New Wave lingers on, like the waves in the sea (10th Anniversary of this article!)
[Photo grabbed from back_to_the_edge yahoogroups to which I belong]
Taking a break from my homestudy review (I am to take Examination Three in a little while), I went Net surfing, googled my name once again—aLfie vera mella—and among the various hits that appeared on my monitor is a particular site which features an article I wrote—an article about New Wave which I could no longer recall ever writing it. All I could remember is that I wrote this particular article a few years ago on a Net forum or something.
Reading the article, I found the arguments about New Wave music that I presented very substantial, especially to people who love New Wave music. Although, I'm no longer sure if I still keep the same, exact sentiment. Regardless, most of what I said is still a part of my belief system.
One more note, when I use the musical term "New Wave," I'm referring to the classification of music which encompasses New Wave, BritPop, Indie, Gothic, Guitar Pop, etc., as how these subgenres have been known in the Philippines. For, after a thorough research about Rock music in the recent years, I came to realize that New Wave is just a small subcategory of the broad and diverse genre of Alternative Rock. Despite this new discovery, I still want to share the article below because I feel that what mattered most was my conviction when I wrote it.
More so, now, I no longer use the term "New Wave" when lumping my most favorite types of music under one appellation. I feel now that the term "Alternative Rock" is more appropriate and encompassing, add to that, more academically correct.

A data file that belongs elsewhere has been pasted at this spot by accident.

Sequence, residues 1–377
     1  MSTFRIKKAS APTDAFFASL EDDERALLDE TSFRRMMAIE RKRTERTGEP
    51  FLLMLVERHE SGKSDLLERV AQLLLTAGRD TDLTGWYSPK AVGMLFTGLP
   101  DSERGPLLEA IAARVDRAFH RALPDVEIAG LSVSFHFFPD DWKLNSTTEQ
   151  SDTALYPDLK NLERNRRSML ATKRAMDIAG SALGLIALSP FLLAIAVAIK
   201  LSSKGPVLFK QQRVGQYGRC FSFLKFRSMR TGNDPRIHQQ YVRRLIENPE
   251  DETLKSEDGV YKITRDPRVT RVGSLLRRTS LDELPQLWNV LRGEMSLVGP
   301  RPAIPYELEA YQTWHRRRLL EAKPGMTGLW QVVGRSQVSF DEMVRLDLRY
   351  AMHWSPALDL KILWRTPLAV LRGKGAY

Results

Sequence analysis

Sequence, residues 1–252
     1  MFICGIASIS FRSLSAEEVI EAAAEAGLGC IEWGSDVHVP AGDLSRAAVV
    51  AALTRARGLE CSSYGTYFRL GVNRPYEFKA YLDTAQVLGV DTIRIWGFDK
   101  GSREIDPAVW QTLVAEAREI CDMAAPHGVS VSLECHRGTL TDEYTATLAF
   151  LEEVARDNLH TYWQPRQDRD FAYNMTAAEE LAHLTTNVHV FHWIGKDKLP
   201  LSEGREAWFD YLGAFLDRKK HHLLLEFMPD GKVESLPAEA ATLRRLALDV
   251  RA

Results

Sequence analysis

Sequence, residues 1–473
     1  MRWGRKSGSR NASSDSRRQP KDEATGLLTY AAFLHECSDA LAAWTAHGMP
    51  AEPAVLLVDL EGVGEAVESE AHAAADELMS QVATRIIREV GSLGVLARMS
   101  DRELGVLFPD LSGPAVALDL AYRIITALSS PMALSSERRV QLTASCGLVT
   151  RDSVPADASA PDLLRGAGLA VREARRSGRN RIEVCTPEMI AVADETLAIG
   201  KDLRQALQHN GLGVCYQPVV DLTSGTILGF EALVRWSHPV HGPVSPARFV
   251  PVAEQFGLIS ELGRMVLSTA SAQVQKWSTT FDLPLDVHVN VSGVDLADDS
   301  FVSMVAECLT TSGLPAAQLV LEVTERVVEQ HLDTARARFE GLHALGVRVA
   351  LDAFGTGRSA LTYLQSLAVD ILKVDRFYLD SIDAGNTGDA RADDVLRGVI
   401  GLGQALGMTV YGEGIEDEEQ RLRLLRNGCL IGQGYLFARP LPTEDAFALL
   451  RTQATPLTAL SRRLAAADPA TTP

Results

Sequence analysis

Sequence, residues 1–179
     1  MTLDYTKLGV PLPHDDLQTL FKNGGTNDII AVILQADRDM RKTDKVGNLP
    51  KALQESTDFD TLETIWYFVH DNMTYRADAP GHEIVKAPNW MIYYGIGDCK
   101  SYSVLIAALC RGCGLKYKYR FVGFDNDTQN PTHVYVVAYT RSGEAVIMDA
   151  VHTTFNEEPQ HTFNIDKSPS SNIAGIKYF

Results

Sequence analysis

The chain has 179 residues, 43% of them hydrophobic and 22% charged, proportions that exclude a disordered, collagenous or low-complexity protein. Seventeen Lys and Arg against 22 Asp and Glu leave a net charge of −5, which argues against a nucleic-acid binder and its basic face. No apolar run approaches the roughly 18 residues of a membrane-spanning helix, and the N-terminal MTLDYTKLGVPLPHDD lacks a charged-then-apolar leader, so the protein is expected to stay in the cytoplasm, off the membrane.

Did New Wave Music Leave and Die?
by aLfie vera mella
Don't hate yourself for being sentimental and nostalgic, for we all are, especially those who are nearing the so-called midlife.
I would want to believe that New Wave, actually, has never left the annals of musical history at all. Many of the people like us (including artists), who enjoyed New Wave music in the '80s, are in fact the ones who left New Wave for so many years and for many periods in the past.
Again, this will depend on how one conceptualizes New Wave as a musical art form.
My musical compatriots, allow me to express my personal concept regarding New Wave not as an era but as a distinct musical art form.
In the past, I had considered New Wave only as an era—meaning, when the '80s ended; when DWXB 102.7 was sequestered; when Power BM 105.1 changed format; when NU 107 became a melting pot of Classic and Modern Rock; when many "New Wavers" stopped teasing their hair and donning their long sleeves or kilts or trench coats; when Guns n' Roses and Metallica arrived; when Bon Jovi, Black Sabbath, and even Aerosmith were revived; and worse, when many people who used to adore the androgynous fashion of Gene Loves Jezebel, Duran Duran, Depeche Mode, and many others began to laugh at and even loathe such "pretentious" and self-indulging fashion—I, too, thought, New Wave is dead and gone.
Well, as I said, if we are to consider New Wave as only a passing trend and an era, of course, safe it is to say that New Wave is indeed dead and gone—for the '80s—the birth-period of New Wave—is already history. But upon deep musical introspection and retrospection, I came to realize that New Wave, after all these years, has evolved into a legitimate musical artform—an artform as succinct and as sonically recognizable as Jazz, Classical, and Rock.
Doubtless, many would shy away from categorization and the so-called music labeling, but that's the way it is. It's a natural law of things, of order—for us to develop a discerning musical taste.